Italy Magazine marks the anniversary of the death of anti-mafia magistrate Paolo Borsellino on the 19th of July 1992 in an interview by Carol King with the internationally recognised expert on the history of Italian organised crime, John Dickie.
Why did you become a mafia-history scholar?
I did a Ph.D. – the classic route to academic life. One of the chapters in [my thesis] is about the mafia in the 1870s, so I had an interest. I then got to a certain part in my career where I decided to write a mainstream book and I was astonished repeatedly by the failure of what has happened in Italy to register outside, in terms of the work of Italian historians on the mafia and magistrates including Paolo Borsellino. Around 2001 I sent an article to Prospect, a current-affairs magazine. The editors sent my article for assessment to an anonymous, self-proclaimed mafia expert, who said that the mafia didn’t exist. It was an astonishing level of ignorance. I felt that there was an important and exciting story to tell the people I saw sitting beside me on the London Underground. So I wrote Cosa Nostra, which is a synthesis of other people’s work, but there was a need to get to grip with the sources and bring them to life. Cosa Nostra opened a lot of doors for me. Since then I’ve been drawn more into the antimafia subculture, and the more I do it, the more important I realise it is.
You’ve written two books about the history of the mafia, Cosa Nostra and Mafia Brotherhoods, and are writing a sequel to the latter due to be published in 2013. How do you research them?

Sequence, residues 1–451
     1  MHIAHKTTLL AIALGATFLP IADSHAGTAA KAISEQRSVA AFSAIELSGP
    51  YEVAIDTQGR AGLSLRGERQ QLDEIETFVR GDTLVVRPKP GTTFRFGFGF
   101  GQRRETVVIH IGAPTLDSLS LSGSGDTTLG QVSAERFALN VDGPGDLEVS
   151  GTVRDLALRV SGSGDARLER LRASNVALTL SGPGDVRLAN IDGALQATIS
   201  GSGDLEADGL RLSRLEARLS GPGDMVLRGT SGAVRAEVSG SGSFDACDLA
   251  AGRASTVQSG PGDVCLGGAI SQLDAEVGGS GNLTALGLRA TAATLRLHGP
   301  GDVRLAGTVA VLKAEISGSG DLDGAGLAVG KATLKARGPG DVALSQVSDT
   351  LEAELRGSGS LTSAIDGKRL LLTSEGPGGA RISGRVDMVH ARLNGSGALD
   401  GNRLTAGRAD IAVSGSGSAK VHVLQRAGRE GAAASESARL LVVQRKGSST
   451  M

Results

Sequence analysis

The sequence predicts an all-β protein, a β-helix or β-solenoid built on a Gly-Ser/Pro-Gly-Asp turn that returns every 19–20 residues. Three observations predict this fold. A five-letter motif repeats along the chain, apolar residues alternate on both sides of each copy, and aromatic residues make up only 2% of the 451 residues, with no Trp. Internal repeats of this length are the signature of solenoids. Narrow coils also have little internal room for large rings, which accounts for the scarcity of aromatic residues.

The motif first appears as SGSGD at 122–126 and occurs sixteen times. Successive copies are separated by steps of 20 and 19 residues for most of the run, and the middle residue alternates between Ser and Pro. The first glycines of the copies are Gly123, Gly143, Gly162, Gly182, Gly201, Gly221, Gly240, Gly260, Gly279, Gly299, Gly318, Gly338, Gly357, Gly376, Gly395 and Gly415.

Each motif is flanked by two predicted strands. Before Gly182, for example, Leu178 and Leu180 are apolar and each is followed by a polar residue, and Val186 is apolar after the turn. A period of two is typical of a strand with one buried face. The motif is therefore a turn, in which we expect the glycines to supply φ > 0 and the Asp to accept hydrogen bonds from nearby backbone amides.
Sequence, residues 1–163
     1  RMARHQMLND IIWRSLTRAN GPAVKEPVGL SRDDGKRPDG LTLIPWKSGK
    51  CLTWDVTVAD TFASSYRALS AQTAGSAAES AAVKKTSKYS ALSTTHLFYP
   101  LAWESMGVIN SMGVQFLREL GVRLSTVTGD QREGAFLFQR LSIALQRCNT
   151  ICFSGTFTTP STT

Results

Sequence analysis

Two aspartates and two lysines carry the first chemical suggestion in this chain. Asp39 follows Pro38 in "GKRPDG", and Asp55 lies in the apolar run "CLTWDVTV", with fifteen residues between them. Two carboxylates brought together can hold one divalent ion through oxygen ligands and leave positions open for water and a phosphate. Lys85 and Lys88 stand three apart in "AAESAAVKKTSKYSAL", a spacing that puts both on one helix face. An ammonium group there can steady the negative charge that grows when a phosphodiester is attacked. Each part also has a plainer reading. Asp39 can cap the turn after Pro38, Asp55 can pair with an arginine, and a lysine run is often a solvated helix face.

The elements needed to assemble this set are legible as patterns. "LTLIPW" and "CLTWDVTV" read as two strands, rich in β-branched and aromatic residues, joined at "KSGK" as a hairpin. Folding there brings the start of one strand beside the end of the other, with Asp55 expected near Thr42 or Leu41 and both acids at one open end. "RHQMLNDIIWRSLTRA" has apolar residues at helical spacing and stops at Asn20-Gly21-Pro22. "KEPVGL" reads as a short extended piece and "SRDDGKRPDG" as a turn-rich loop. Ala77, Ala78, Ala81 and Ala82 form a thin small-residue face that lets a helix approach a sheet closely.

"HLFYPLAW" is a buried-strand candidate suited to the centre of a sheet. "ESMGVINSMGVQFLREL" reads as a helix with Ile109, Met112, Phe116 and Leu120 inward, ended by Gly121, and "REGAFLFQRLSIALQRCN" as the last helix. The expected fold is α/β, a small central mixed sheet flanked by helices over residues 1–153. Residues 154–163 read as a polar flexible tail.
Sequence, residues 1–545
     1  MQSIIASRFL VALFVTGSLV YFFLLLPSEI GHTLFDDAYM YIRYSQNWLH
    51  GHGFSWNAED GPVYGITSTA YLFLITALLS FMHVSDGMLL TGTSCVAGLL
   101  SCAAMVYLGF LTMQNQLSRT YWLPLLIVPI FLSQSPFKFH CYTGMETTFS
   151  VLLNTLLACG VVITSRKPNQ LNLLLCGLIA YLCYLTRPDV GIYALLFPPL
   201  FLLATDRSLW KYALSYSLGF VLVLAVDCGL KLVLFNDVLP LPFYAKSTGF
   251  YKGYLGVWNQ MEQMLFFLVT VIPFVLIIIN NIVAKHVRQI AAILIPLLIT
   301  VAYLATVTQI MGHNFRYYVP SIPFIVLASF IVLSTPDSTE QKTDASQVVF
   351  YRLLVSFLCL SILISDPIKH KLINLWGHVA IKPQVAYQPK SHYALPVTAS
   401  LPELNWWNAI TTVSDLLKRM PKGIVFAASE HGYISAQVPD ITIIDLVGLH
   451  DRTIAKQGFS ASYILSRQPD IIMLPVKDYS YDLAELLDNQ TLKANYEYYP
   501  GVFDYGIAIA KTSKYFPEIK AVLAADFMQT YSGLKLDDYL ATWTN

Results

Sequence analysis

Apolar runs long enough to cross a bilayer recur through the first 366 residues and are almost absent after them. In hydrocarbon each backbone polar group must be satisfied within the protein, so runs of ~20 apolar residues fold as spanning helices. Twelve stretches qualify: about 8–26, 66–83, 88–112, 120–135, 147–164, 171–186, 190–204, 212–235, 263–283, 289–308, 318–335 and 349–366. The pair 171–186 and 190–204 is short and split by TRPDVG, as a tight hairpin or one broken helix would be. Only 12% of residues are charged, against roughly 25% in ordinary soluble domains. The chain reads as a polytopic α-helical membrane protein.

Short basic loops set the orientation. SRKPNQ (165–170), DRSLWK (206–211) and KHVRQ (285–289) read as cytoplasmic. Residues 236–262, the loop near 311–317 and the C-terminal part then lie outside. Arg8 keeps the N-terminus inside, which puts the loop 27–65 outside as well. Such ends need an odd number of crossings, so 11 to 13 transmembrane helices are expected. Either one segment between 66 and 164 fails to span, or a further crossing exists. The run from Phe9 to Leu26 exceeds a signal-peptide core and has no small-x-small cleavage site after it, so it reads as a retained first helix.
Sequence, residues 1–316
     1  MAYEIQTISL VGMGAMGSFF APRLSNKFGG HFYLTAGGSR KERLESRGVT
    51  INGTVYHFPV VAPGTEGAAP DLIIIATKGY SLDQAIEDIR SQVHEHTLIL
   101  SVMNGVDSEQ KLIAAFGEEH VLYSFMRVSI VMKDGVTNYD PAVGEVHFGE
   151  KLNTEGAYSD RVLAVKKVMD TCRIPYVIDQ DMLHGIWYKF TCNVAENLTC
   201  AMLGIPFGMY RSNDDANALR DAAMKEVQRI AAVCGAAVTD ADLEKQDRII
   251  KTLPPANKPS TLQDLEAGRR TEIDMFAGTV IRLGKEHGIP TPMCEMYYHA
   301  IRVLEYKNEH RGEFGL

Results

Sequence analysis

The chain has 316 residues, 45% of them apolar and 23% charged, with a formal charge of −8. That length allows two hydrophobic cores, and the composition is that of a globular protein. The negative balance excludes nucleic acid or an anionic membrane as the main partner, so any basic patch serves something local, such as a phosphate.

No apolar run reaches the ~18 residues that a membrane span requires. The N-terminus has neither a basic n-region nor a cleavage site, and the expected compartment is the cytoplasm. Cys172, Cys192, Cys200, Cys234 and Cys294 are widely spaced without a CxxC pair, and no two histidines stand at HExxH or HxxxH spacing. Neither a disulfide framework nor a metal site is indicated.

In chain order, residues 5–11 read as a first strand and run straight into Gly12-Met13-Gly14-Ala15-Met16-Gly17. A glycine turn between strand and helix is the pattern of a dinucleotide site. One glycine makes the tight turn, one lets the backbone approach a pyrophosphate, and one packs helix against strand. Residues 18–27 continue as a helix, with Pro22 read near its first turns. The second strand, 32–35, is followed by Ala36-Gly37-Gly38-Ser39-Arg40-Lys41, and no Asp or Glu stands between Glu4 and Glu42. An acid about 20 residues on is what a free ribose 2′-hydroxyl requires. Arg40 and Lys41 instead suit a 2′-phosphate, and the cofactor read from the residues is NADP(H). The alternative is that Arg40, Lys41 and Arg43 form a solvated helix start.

People in Britain assume I sneak into the garden of a mafia boss’ villa and other weird things. Italy has produced loads of documents on mafia history and, as more is being discovered in archives, more shocking details are emerging. I use the same tools any historian uses: archives, police reports, newspapers, books, eye-witness statements…Italians have always had a kind of dialogue with organised crime, whether in Campania, Calabria or Sicily: the police struggle to impose order and so talk to the local mafia boss to help them maintain some sense of control. ‘Co-managing crime’, as they call it, is as old as Italy itself and that means traces get left because losers in mafia wars talk to the police so they can get revenge on their enemies. So the idea of omertà is often wildly exaggerated: it has always broken under the right pressure, and that means there is always material for later historians to work with.
You’re a participant in the Trame anti-mafia literature festival, can you explain what that is?
The inspiration behind it is [Sicilian journalist] Lirio Abbate. He is a journalist for l’Espresso, and the only journalist embedded with the police team that arrested [the Cosa Nostra ‘boss of bosses’] Bernardo Provenzano [in 2006]. A year later a bomb was found under Abbate’s car and he lives under armed guard. Treme is partly his response. The festival is held in Lamezia Terme, which is significant: it’s in ’Ndrangheta heartland in south Calabria where mafia authority has the characteristics of a regime. At Treme, the sessions always seem to be full and people have taken to it. Speakers come from far and wide – magistrates, journalists, historians and writers – to talk about organised crime. Lots of young people work as volunteers and Lamezia Terme’s mayor, Gianni Speranza, has been supportive. A public protest against the ’ndrangheta of this kind would have been difficult to imagine just a few years ago.
This months marks the anniversary of the assassination of anti-mafia magistrate Paolo Borsellino, there are still question marks regarding his death, can you explain what they are?
There’s one very obvious scandal around Borsellino’s death: the men who spent two decades behind bars for having planted the bomb that killed Borsellino are innocent and have been released. A ‘man of honour’ Gaspare Spatuzza turned state’s evidence and said [he] planted the bomb, which makes one wonder whether those originally convicted were framed or were the police being merely overzealous?